Sir Gary Sobers hit six sixes for Nottinghamshire against Glamorgan at St Helen’s on Saturday 31 August 1968. Forty years on, his team mates spoke exclusively to Covered, the Nottinghamshire CCC magazine.

With the benefit of hindsight, Malcolm Nash would probably concede that he could have picked a better opponent for his early experiments with spin bowling.

The Glamorgan seamer was determined to add another string to his bow but his decision looked increasingly unwise as Sobers arrowed all six deliveries beyond the boundary rope.

Nash had already claimed the wickets of Brian Bolus, Graham Frost, Mike Smedley and Derryck Murray and buoyed by his success in the opening exchanges, decided to try an over of spin with Sobers at the crease.

‘The captain asked me if I fancied having a go at bowling some slow-left armers,’ said Nash, now a good friend and regular opponent of Sobers on the golf course.

'Sobers came along and quickly ended my slow-bowling career. It was a pretty short experiment. I could have bowled wide to try to stop him from scoring but that wasn't what I was all about.’

Notts went on to win the game by 156 runs, and as middle order batsman John Parkin recalls, Sobers was keen to increase the rate in readiness for a declaration.

‘I went in before him because he wasn’t ready to bat,” said Parkin, who scored 15 not out in the first innings.

‘I spent the over in which he hit the six sixes just waiting, ready to run. When he came to the middle he said to me ‘let’s have a quick ten minutes’ so I knew he was going to be looking for boundaries but I was keen to get on strike.

‘It didn’t really register with me that he’d hit five consecutive sixes and so when he hit the sixth and I saw him walk down the wicket and take the applause I was quite surprised.

‘The spectators went mad but I was always a shy lad and struggled to make my presence felt and always preferred to stand back and let others take applause.

‘Gary always made the point that he worked between half eleven and half six and outside of that he was always very relaxed.

‘People will always talk about Gunn and Hardstaff but for me, Sobers was the best player ever to play for Nottinghamshire. He’s certainly the best cricketer that I saw during my career.

‘Even when he was playing against someone with the pace of Dennis Lillee, he just waited and waited before playing his stroke. He had fantastic natural talent and I just loved to stand and watch him from the other end.’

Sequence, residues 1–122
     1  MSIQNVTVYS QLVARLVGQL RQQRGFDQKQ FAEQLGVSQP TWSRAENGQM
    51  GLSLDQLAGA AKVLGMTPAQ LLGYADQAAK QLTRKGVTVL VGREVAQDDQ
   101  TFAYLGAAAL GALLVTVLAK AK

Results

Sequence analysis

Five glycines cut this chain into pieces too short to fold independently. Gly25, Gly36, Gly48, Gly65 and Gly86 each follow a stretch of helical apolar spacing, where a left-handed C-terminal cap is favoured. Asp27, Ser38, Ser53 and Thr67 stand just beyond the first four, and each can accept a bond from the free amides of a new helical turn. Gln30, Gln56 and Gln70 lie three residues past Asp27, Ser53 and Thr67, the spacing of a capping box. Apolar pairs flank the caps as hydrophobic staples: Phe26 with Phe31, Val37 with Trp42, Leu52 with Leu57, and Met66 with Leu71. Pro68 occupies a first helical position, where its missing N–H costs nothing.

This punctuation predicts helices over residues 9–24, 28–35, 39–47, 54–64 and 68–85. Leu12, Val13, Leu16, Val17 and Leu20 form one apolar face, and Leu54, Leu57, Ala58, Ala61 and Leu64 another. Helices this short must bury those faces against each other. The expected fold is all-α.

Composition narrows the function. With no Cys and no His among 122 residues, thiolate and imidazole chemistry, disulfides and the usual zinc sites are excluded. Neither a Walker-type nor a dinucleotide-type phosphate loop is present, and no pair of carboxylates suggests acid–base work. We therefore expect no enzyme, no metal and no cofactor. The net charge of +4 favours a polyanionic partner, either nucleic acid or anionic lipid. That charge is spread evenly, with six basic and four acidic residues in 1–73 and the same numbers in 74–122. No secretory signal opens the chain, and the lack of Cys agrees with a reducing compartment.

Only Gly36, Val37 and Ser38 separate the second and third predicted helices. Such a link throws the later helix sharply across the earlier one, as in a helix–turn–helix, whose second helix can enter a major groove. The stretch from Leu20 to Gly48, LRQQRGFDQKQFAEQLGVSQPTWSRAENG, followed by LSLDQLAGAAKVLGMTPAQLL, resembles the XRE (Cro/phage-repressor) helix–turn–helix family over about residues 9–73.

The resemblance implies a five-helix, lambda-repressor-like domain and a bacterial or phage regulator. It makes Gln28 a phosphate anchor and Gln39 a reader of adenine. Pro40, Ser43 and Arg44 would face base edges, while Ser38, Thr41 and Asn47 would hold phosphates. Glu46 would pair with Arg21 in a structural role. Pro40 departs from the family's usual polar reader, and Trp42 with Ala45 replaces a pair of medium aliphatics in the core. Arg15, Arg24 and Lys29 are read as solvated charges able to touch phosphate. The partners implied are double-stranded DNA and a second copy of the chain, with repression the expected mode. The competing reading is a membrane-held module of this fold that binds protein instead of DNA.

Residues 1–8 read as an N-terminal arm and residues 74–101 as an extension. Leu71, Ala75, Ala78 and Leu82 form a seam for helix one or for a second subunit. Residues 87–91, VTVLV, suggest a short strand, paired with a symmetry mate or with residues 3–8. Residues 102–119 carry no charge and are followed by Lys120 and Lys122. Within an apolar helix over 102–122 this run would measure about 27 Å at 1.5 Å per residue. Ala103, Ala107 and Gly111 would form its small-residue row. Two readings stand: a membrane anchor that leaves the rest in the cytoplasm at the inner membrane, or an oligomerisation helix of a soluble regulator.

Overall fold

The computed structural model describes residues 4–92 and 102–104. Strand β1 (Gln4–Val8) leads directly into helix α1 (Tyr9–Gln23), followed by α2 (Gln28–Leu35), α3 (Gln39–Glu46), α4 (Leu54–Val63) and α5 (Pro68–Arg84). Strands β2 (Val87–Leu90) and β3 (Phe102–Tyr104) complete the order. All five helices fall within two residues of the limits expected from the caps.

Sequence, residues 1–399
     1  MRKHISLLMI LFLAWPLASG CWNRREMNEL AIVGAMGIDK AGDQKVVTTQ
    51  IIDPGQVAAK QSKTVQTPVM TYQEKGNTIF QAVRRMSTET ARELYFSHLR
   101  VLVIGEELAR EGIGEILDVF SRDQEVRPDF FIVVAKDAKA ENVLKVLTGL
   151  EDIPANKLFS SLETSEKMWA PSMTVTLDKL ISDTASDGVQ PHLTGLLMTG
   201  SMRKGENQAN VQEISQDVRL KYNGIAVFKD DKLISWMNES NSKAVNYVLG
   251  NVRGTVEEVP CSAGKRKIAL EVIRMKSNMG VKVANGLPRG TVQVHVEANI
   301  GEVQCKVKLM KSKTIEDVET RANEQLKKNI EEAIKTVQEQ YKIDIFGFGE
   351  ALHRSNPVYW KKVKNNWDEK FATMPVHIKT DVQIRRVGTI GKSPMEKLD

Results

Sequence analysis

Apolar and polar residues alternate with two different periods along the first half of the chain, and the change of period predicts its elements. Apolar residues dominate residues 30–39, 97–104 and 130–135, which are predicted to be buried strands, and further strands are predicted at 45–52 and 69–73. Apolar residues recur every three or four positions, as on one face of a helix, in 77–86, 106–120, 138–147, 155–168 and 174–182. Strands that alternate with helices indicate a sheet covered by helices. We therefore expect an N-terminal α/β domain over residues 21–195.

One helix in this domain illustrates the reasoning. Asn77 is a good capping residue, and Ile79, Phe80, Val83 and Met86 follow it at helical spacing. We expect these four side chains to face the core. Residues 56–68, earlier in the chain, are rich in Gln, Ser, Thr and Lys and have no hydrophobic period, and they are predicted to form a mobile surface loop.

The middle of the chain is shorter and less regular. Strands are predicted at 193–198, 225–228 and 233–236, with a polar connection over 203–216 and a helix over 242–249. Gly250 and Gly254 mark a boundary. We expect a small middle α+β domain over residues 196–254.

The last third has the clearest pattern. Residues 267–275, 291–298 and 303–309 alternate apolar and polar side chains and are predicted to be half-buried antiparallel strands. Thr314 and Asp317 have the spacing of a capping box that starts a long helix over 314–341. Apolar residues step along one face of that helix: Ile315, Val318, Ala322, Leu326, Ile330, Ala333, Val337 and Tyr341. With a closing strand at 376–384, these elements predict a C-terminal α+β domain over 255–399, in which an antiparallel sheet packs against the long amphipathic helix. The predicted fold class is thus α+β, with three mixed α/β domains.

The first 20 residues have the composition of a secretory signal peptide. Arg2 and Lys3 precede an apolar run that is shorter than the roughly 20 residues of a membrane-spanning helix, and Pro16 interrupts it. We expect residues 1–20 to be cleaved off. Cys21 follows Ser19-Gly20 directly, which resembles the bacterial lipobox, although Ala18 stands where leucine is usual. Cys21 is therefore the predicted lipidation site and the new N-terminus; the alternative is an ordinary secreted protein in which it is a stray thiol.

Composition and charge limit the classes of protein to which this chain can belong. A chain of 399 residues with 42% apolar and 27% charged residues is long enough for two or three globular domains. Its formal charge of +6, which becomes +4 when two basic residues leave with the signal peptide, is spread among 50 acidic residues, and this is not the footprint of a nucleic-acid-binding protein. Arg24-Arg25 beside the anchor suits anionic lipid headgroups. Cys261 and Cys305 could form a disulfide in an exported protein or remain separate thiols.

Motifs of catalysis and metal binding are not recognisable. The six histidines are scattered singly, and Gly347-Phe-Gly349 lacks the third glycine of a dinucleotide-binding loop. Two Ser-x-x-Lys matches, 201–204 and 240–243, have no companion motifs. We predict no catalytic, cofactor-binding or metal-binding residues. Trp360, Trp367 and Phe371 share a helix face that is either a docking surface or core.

Batsman Graham Frost made a first innings 50 before watching Sobers help Notts to 394-5 declared.

‘I batted at number three and finished my innings and went for a walk around the ground and there was a lot of excitement as the over went on,’ said Frost.

‘I walked to the back of the stand and looked down from the top tier as Gary hit the dubious fifth six. He was caught but the fielder took it over the rope and he hit the sixth one down Main Street towards Swansea.

‘He was a true gentleman. I was very fortunate to have the chance to play with him at Notts.’

Former Notts captain Mike Smedley has similar recollections.

‘Gary had a Jag but if we was picking me up in the rain, he’d always make the point of reversing up my drive so that I could get straight into the car from the back door of the house. He’d do anything for anyone and although he never bragged, he was immensely proud of his achievements in cricket.

‘He would always raise his game against West Indians and I remember him going ballistic when we dropped Kanhai and Ibadulla in a game against Warwickshire. We had the chance to remove them both within an hour of each other but we missed our chances and had to wait another day for our next wicket.

‘He would see edges off his bowling very early and shout ‘now’ and that seemed to be the cue for fielders to tense up. I’m sure that’s why a lot of slip catches were dropped off Gary’s bowling.

‘Malcolm Nash wasn’t bitter at all about the six sixes and I think that he was pleased that he’d made it into the record books and would be forever associated with a major event in cricket history.’

Joking in the dressing room afterwards, Nash told his team mates that he would benefit from the infamy.

‘I’ll make a fortune out of it,’ he said.

‘They’ll make a movie.’

‘What will it be called?’ came the reply, ‘Gone With The Wind?’

This article was featured in COVERED, the official magazine of Nottinghamshire CCC, which is available free to members. To become a member click here.